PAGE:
If you feel like your rotator cuff repair is not going well, you may want to read Problems After a Rotator Cuff Repair.
Rotator cuff repair surgery is very common, typically requiring six to twelve weeks of physical therapy post surgically. This article is a brief description of various aspects of the post-surgical physical therapy, and is not intended to be a replacement for physical therapy. If you have concerns about your surgery or rehabilitation process, contact your surgeon or physical therapist so that your questions can be answered. All post-operative protocols are dictated by the surgeon’s preference, so your timeline and progress may be quite a bit different than the one presented here. This discussion is limited to a simple rotator cuff repair. There are many other surgical procedures that may accompany this surgery that can increase healing time, decrease range of motion, and increase pain.
There are three main phases after a rotator cuff repair: 1. Passive range of motion 2. Active range of motion 3. Functional strengthening. The goal of stage 1 is to protect the repair while maintaining as much range of motion as possible. Stage 2 begins after the sling is removed, and the patient begins to move the arm with muscles in the shoulder rather than an outside force. Stage 3 is an ongoing strengthening process, focusing on returning the patient to the appropriate level of activities of daily living.
First two weeks:
During the first two weeks after a rotator cuff repair, the patient is in a sling, typically with a foam bolster. Most surgeons will instruct the patient to remove the sling for pendulum exercises and elbow straightening exercises only. At this point, there should be no active movement of the shoulder, and there should be nothing placed in the hand while the arm is in the sling. Patients who are compliant with the sling and range of motion exercises typically have fewer complications later in the process. Attempting to use the arm prior to being taken out of the sling is one of the main reasons that people have difficulty in the later stages of the process.
Physical therapy typically begins at about two weeks post-op, after the surgeon has rechecked the patient. Formal physical therapy in this phase should involve passive range of motion manually (by the physical therapist) or through passive exercises. Typically on day one, the patient has 90° of flexion passively, but may have more or less depending on pain. During treatment, the physical therapist will gently move the arm in different directions to facilitate the healing process. It is important to note that all of the structures that were repaired should adequate length to move through full range of motion. The shoulder won’t move through full range because of pain and muscle guarding, not because of a lack of tissue length. Therefore, range of motion should be performed in a relatively comfortable range with the patient attempting to relax. By the time the patient is at 6 weeks, range of motion should be very close to normal for all motions. There is typically a bit of stiffness at end range, which is associated with some pain. Physical therapy exercises should also include gentle range of motion of the should blade as well as the thoracic spine.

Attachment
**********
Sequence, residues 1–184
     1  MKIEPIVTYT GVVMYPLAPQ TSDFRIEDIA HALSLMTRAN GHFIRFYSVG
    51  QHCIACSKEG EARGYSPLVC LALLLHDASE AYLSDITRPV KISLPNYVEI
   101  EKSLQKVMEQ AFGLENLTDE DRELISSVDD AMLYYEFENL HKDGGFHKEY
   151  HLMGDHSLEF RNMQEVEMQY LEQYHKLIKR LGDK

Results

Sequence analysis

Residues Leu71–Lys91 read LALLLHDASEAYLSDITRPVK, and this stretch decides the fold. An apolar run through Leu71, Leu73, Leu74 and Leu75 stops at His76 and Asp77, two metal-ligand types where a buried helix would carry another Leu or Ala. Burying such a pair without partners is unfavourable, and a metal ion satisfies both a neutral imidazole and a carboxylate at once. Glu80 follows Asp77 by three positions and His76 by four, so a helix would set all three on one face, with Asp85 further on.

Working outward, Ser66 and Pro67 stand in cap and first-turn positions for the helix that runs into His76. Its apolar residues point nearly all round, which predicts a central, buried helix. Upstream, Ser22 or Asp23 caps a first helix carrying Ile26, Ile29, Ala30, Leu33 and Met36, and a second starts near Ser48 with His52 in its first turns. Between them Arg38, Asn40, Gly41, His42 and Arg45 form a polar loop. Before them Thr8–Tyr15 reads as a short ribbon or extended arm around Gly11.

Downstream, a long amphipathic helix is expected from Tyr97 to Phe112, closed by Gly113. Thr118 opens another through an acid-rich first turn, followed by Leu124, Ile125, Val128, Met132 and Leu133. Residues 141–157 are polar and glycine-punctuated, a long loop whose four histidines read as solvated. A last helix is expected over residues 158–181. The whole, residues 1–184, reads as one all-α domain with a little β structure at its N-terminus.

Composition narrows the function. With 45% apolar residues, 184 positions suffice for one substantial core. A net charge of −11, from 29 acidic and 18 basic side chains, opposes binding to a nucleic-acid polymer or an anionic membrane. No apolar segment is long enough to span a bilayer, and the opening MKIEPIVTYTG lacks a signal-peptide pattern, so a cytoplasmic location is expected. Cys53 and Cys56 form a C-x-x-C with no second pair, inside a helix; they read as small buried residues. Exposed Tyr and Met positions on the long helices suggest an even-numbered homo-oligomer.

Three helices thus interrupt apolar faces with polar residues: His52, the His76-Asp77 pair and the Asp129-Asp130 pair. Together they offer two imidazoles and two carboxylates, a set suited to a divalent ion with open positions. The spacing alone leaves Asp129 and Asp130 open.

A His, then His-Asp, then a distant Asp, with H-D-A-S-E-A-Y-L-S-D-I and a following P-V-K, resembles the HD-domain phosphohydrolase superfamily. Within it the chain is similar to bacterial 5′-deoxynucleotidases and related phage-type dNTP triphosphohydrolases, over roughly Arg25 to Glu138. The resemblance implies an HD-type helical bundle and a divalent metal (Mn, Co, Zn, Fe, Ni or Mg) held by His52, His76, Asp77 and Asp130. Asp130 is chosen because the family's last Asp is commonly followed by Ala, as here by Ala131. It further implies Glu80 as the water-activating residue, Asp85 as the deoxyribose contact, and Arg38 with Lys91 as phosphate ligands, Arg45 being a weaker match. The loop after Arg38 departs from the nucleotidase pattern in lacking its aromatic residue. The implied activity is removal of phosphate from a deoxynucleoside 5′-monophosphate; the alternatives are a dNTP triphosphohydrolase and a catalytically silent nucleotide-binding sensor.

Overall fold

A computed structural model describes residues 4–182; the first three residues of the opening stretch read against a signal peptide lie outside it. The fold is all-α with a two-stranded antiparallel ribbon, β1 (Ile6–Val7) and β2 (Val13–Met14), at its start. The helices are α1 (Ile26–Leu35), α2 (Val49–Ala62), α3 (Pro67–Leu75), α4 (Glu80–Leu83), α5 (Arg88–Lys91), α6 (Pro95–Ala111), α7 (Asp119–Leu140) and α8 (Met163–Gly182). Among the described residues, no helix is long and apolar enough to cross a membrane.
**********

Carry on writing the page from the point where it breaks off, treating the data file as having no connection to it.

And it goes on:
At the 6 week appointment, most patients are taken out of the sling. This does not give the patient license to use the arm for all functional activities. For the first week, the patient should not have more than a coffee cup weight in the hand. If this goes well, then the patient can increase functional activities as tolerated. Physical therapy exercises increase by adding active range of motion and strengthening as tolerated. It is important to ensure that the thoracic spine and shoulder blade are moving well, and exercises are performed to facilitate stabilization through these regions as the shoulder tolerates them. The main goal for this stage is to regain full motion, pain free, and increase strength to the point where the patient can tolerate light to moderate activities of daily living such as cooking and self care.
Formal physical therapy will end for most patients during this time. Treatment emphasis is on integration of trunk and core muscles with shoulder muscles to produce efficient movement and good stability. Progressive loading and functional exercise continues to be increased as the shoulder tolerates it. High level activities such as throwing and overhead work related activities are dictated by surgeon’s prerogative and ability to perform functional exercise. Rather than pure rotator cuff strengthening, strengthening should incorporate trunk and scapula movements in all planes of motion.